Tag Archives: screenprinting

Hanging With Camille Claudel

11 Nov

Camille

Here I am at the opening of the Women’s Arts Association annual show, “The Uncredited Woman” in Cardiff last night with the work I submitted, a screenprint of the French sculptor Camille Claudel. I used the liquid stencil method to prepare the screen, working from one of my drawings of her. If you want to find out more about the process, please click here. The exhibition is at Llanover Hall in Cardiff CF5 1FH until December 8th.

Stamping!

5 Jul

I’m going to be running some creative training sessions soon and one of them is going to be about stamping. That’s not moving your feet up and down with force, but the practice of creating new artworks from rubber – or lino or wood – stamps. I’ve been doing some work in this technique, inspired by artists Atif Khan, Ryan McGinnis and Federico Pietrella. Here are some different ways I’ve been using a stamp I had made from a screenprint I did of my hero, German artist Käthe Kollwitz. On the left, a ‘mashup’ with a newspaper fragment; in the middle a 3D construction from Shiohara paper and aluminium armature wire; on the right a stitched piece with chine collé.

 

Here are some examples of work from other artists using stamps too. From left to right, Federico Pietrella, Ryan McGinnis, Atif Khan.

 

 

 

 

For a limited period I am putting a new drawing from my recent sketch books on my Artfinder gallery every day.  If you’d like to check them out, please click on the image below or the Artfinder link at the top right of this page.

 

 

And Now The Chaps…

12 Jun

egon

I’ve finished a series of 8 silkscreen prints of women artists who inspire or move me and now I’m going to have a bash at the chaps. It’s been harder to source photographs of the male artists. A lot of them have been very formal, posed ones and so many men in the early twentieth century had large beards, which make them look a bit samey. There seem to be more photos of the women artists of the same era, a lot of them informal, family photos which has given me far more choice. Egon Schiele is an exception as he had a series of experimental photographic portraits  made and he also shaved! I’ve worked up a drawing onto the screen and worked onto it with Speedball Diazo drawing fluid using various sable brushes. It’s one of the screens I’ll be taking to the London Art Car Boot Fair (June the 14th) to demonstrate screenprinting, alternating with stencil artist Simon Dark. We’ll be doing our arty thing outside Dylan’s Mobile Book Bus.

Mixing It: Print, Drawing, Collage

17 Aug

Mixed media: Elders.

 

I was editioning a block print of a head of an elderly man developed from a drawing from my trip to Pakistan a few years ago and had a bit of printers ink left over so I tried printing the block onto odd bits of paper I had around the place. I had a sheet of very nice hand-made Japanese paper, pale green with bits of dried bamboo leaves embedded into it, so I did a print on it which was a bit disappointing at the time because it wasn’t a good rich black. I put it in a draw in my plans chest and forgot about it for a couple of years. It ended up in a folder of papers I took to life drawing; I often re-use old prints and work over them with drawings because the paper is too good to waste and I’m mean!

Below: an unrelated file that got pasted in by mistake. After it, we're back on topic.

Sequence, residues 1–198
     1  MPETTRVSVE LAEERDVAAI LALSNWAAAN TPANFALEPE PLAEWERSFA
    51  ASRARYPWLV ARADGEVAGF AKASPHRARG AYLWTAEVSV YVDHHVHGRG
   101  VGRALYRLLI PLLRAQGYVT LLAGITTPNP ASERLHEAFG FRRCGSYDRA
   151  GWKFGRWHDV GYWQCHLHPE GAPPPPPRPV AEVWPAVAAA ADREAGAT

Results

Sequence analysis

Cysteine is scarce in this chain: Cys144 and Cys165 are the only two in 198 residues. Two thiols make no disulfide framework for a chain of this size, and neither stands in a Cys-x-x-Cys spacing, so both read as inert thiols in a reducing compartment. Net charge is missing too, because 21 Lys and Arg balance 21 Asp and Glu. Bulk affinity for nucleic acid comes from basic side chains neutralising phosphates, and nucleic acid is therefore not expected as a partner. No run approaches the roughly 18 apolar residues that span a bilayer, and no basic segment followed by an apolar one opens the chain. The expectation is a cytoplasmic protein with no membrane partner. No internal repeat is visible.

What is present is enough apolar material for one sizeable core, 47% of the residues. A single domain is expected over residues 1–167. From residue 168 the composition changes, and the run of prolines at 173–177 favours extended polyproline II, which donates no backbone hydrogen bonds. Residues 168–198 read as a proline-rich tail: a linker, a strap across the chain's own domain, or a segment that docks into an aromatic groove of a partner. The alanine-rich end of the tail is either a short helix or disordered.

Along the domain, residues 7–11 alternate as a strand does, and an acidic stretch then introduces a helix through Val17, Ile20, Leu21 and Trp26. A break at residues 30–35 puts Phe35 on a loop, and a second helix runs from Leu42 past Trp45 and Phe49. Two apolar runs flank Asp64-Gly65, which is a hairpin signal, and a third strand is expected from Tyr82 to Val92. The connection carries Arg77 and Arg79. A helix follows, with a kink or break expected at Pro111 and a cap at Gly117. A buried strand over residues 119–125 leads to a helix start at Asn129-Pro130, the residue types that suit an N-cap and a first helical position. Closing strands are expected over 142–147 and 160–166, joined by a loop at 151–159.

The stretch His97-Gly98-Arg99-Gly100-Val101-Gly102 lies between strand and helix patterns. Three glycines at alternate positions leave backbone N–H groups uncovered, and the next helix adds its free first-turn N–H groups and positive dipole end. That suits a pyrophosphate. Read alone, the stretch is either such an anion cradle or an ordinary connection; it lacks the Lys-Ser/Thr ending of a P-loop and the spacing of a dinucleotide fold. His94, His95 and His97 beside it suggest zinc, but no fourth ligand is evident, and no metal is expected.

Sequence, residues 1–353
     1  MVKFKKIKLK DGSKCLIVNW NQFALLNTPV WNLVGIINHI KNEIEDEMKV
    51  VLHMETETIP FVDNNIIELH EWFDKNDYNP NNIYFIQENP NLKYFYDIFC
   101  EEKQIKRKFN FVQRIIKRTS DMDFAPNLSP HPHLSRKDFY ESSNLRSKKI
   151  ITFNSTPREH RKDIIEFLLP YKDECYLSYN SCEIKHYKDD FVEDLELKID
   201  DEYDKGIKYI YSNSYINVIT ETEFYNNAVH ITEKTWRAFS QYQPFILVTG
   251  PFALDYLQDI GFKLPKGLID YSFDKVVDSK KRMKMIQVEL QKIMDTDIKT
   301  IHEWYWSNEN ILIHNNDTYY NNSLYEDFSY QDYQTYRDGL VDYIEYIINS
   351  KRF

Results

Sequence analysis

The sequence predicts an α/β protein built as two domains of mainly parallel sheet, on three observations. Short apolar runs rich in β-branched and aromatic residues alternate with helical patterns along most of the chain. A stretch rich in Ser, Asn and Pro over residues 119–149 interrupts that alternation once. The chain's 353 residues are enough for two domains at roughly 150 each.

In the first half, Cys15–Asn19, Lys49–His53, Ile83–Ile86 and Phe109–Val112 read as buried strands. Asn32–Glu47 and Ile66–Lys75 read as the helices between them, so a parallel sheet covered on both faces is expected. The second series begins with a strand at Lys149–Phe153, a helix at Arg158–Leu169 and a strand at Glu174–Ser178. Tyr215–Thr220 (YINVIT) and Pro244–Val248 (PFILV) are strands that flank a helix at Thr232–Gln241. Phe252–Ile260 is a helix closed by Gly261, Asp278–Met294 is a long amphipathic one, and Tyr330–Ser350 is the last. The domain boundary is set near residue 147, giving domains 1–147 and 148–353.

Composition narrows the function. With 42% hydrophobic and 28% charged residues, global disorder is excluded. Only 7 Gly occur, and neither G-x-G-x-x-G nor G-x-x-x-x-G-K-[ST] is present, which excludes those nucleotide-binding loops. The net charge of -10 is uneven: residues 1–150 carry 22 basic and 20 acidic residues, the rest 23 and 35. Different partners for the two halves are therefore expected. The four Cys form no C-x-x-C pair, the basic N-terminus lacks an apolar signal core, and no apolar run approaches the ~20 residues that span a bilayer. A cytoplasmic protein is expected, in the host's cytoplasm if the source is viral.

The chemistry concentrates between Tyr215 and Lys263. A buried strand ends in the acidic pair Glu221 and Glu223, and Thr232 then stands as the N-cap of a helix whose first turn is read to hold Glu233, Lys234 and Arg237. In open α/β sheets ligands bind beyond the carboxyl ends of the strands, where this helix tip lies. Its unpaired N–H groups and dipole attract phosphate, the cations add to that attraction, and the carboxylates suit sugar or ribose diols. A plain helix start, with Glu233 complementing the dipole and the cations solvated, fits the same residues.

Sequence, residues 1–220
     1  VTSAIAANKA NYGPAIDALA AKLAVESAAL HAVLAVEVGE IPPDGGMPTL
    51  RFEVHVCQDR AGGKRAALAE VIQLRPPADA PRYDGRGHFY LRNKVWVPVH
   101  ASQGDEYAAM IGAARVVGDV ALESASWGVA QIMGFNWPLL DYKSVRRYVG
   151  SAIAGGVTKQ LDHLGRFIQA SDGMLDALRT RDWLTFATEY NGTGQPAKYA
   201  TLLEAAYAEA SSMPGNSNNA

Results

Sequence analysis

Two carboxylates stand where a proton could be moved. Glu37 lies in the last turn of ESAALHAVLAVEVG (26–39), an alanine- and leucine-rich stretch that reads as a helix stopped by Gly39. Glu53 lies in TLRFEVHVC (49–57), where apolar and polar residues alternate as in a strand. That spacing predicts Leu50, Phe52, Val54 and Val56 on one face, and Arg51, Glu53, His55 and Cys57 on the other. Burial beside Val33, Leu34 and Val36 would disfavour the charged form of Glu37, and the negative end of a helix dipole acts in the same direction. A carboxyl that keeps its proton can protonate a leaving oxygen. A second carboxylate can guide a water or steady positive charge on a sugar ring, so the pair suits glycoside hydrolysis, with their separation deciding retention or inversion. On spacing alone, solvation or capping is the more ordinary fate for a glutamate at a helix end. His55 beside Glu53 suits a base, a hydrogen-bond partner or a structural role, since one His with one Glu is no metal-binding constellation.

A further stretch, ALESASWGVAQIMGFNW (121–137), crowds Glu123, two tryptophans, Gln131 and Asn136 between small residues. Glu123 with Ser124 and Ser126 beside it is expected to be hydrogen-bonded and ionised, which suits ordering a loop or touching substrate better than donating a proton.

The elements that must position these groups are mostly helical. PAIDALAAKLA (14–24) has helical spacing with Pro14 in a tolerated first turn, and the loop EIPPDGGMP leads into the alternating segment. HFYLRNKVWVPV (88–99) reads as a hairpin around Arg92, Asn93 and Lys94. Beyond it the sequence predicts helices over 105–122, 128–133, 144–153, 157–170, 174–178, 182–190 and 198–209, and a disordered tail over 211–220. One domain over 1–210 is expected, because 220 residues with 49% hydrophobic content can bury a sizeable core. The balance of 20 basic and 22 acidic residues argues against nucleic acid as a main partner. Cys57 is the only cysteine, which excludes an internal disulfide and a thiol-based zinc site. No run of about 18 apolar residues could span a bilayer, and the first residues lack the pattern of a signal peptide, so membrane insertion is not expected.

The male model that evening was quite elderly and I liked the idea of combining the two elders, one Western and one Eastern, so I started by drawing our model, John, alongside the Islamabad man using Faber Castell Pitt drawing pens and black conté crayon. Then I took a Pritt stick and stuck the Japanese paper down onto a larger sheet of black cartridge and continued the drawing over the edge of the Japanese paper onto the black using white oil pastel. Finally I collaged torn pieces of handmade patterned paper which I’d previously screenprinted with text.

 

I know artists who chuck out work that isn’t 100% what they want but I think that’s a waste, because after a while you can look at it in new ways and find a different use for it.

 

Watercolour Sketches – Real Artgeek Stuff!

12 Aug

Watercolour sketch of a skull.

 

I don’t always sketch in pen; now and again I use watercolour. It’s good discipline to break out of my comfort zone and it forces me to observe and record colour. I almost always draw from life and I enjoy doing anatomical studies. I have a borrowed skeleton, called Felicity, in my studio [I didn’t name her and she’s plastic] and here’s a detailed watercolour sketch, on Bockingford paper, of Felicity’s skull, set against a background of screenprinted vertebrae on hand coloured Zercoll paper, using System 3 acrylics and screenprinting medium.

 

Watercolour sketch: my left hand.

 

I did this study of my hand in watercolour on Bockingford. I spent two days studying and recording it and the more I looked, the more I saw. It’s amazing how colourful skin is when you look really hard. I use Windsor and Newton artist quality watercolours and I prefer Bockingford as it’s very white and gives excellent luminosity. I started by working both up as very light pencil sketches and then added the watercolour, wetting the paper as I went.

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